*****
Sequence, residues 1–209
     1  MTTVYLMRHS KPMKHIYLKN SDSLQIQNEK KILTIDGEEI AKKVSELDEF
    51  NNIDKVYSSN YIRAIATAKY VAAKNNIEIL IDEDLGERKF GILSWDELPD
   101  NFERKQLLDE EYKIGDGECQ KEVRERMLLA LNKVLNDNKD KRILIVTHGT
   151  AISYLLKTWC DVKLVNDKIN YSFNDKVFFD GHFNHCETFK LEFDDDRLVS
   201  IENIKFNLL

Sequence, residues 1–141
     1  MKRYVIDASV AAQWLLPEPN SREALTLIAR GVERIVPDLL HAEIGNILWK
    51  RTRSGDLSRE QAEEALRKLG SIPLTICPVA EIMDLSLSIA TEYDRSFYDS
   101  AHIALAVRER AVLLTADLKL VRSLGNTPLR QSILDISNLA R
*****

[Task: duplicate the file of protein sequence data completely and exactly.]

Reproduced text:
Sequence, residues 1–209
     1  MTTVYLMRHS KPMKHIYLKN SDSLQIQNEK KILTIDGEEI AKKVSELDEF
    51  NNIDKVYSSN YIRAIATAKY VAAKNNIEIL IDEDLGERKF GILSWDELPD
   101  NFERKQLLDE EYKIGDGECQ KEVRERMLLA LNKVLNDNKD KRILIVTHGT
   151  AISYLLKTWC DVKLVNDKIN YSFNDKVFFD GHFNHCETFK LEFDDDRLVS
   201  IENIKFNLL

Sequence, residues 1–141
     1  MKRYVIDASV AAQWLLPEPN SREALTLIAR GVERIVPDLL HAEIGNILWK
    51  RTRSGDLSRE QAEEALRKLG SIPLTICPVA EIMDLSLSIA TEYDRSFYDS
   101  AHIALAVRER AVLLTADLKL VRSLGNTPLR QSILDISNLA R